Don’t Let This Destroy You

We all know what destructive behavior is, and what it can do. Maybe we have seen it in others. Maybe, at one time, we have even let it happen to us. Either way, now that emotions have settled, or at least should be settling, what you do can make or break you.

There are things you need to avoid if you plan on moving forward. Here are a few:

Alcohol 

I’m not saying not to drink, most people do. But for a year after my divorce was settled, I climbed in a bottle and it was the worst time in my life. Forgetting the pain and frustrations I get, trying to deal with the memories from the past I understand, not wanting to face the future single I remember. But these all must be done in order to move forward. And excessive amounts of alcohol cannot help you accomplish this.

Physical Neglect

I get it. When you’re thinking is in turmoil, the outward appearance suffers. I call it the “lazy day syndrome”. You can always tell when someone has a day off or is having a lazy day. Sweats, baggy shirt, messy hair; you know what I’m talking about. But when every day you look the part … let’s just say that is not a good thing, my friend. So get off the couch, take a shower, then put on some nice clothes and get your mind in a better place. Easy? No. Necessary? Yes.

 Under-Eating

When I am stressed I tend to not eat. Sometimes for days at a time. This is where I say, “Don’t do what I do, but follow what I say”. And it’s true. Eating is how the body survives, and when we do not take care of our body, nothing good can come from it.

Take a quick peek at 17 Habits of the Self-Destructive Person to make sure you’re not seeing yourself on that list. If you are, it is time to take action to stop.

Give Your Place an Overhaul

This one depends on your financial situation. One of the first things I did after my divorce (and after some counseling) was to get rid of every reminder of the marriage. A bed, pictures, trinkets, and purchases bought together – they have to go. You’re not doing yourself any favors by looking at those every day.

Take your time. The pain you’re feeling is real, and removing “things” from your view is not an all-in job. Want my advice? Find a time when you’re the maddest and let that guide your decisions on what to get rid of. Emotional strength is your ally, use it, just don’t let it control you.

Take a ‘You’ Vacation

Getting away from it all may seem like a great idea. The problem is, what happens when you return to normal life and the issues are still there. My grandfather used to say “you can’t run from yourself.” I think what he meant was that no matter where you go, you are still going to have to deal with the issues that bog you down. So taking a ‘you’ vacation means just that. It doesn’t mean leaving your house, or the state for that matter; it means taking some time for yourself.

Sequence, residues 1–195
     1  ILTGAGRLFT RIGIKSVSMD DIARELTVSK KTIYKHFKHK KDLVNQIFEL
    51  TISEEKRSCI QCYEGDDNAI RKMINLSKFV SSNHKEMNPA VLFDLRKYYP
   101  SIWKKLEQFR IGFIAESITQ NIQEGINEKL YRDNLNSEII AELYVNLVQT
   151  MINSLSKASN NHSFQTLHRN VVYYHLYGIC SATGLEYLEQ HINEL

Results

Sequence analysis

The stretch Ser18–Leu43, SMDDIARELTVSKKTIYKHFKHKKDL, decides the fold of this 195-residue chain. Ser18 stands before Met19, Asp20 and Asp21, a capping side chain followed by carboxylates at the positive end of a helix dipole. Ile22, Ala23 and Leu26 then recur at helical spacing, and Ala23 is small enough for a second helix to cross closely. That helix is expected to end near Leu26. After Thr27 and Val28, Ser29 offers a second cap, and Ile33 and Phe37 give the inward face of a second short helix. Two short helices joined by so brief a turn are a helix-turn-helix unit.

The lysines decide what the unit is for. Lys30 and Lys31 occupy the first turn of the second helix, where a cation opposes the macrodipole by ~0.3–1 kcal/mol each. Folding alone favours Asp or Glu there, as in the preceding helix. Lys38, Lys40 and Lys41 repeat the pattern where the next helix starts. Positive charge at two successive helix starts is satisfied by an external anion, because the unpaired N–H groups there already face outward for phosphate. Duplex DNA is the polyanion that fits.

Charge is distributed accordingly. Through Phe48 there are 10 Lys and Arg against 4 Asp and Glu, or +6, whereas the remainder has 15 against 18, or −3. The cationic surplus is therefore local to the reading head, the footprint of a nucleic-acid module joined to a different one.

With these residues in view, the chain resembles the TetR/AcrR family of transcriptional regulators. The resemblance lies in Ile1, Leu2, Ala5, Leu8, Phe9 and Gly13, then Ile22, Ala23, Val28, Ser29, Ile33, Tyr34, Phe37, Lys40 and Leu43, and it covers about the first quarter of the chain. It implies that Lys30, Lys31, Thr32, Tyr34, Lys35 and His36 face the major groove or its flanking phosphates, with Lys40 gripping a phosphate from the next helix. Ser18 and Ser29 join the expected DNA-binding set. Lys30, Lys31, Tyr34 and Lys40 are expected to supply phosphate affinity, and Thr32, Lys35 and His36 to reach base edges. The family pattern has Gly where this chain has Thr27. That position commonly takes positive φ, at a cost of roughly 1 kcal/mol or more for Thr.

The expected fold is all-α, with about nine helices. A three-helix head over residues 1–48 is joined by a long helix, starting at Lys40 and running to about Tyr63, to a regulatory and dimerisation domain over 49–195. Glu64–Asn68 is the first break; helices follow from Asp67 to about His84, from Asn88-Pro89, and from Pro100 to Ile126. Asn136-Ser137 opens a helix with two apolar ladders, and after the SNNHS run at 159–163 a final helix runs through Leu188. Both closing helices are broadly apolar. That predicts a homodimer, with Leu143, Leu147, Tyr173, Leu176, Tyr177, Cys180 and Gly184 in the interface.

Do something that makes you happy. Do something you haven’t done in a really long time and do it without feeling sorry for doing it. Be adventurous, be spontaneous, be daring.

Make a To-Do List for Bettering Yourself

 We all know about to-do lists. Stop cringing; this one is for you and you alone. Take a second and think of something you would like to work on concerning yourself. Here are a few to get you started:

  • Say hello to a new person today
  • Help a stranger
  • Write down one thing positive about yourself
  • Smile
  • Do one thing for yourself today

This is no time for thinking being a better person is squishy. You have just been through Hell and back and it will take some time to get yourself evened out. Take that time. There is life for you after a divorce but smaller steps are in order.

By starting in the small areas, when it is time for the bigger changes it will be easier.

 For Pete’s Sake – Talk to Someone

This has got to be the most overlooked part of life after divorce, and the most important.

You have just been through a divorce. Psychologists will tell you to let yourself mourn the loss. That is equating your divorce with death. That analogy is not far off. Your marriage has died. Try as hard as you may, you are not strong enough to deal with that by yourself.

Be it a friend, coworker, clergy, or a counselor – take the time to talk about what is going on inside your head.

I was lucky. I had not only a good friend at my side, I found a fantastic counselor. She opened my eyes to a lot of negative actions and helped me change them. Once I started changing those, I became a better person than I used to be. I certainly found the strength to move past a divorce that, admittedly, almost ruined me.

Recognize That Things Don’t Always Work Out

It’s time to realize there is nothing wrong with you, even if your ex-wife told you everything was wrong with you daily. Sometimes people are better off apart. Sometimes the feelings get lost and you couldn’t find them again. Sometimes things … just go bad.

Whatever the reason for your divorce, it’s time to focus on positive thinking. That means to stop blaming yourself.

There is a wealth of information on all facets of what you are going through. You came here to start the process. Don’t let your desire for improvement falter. Check out Stages of Divorce Recovery for Men by Dr. Goldstein for a more in-depth look at understanding what you’re feeling.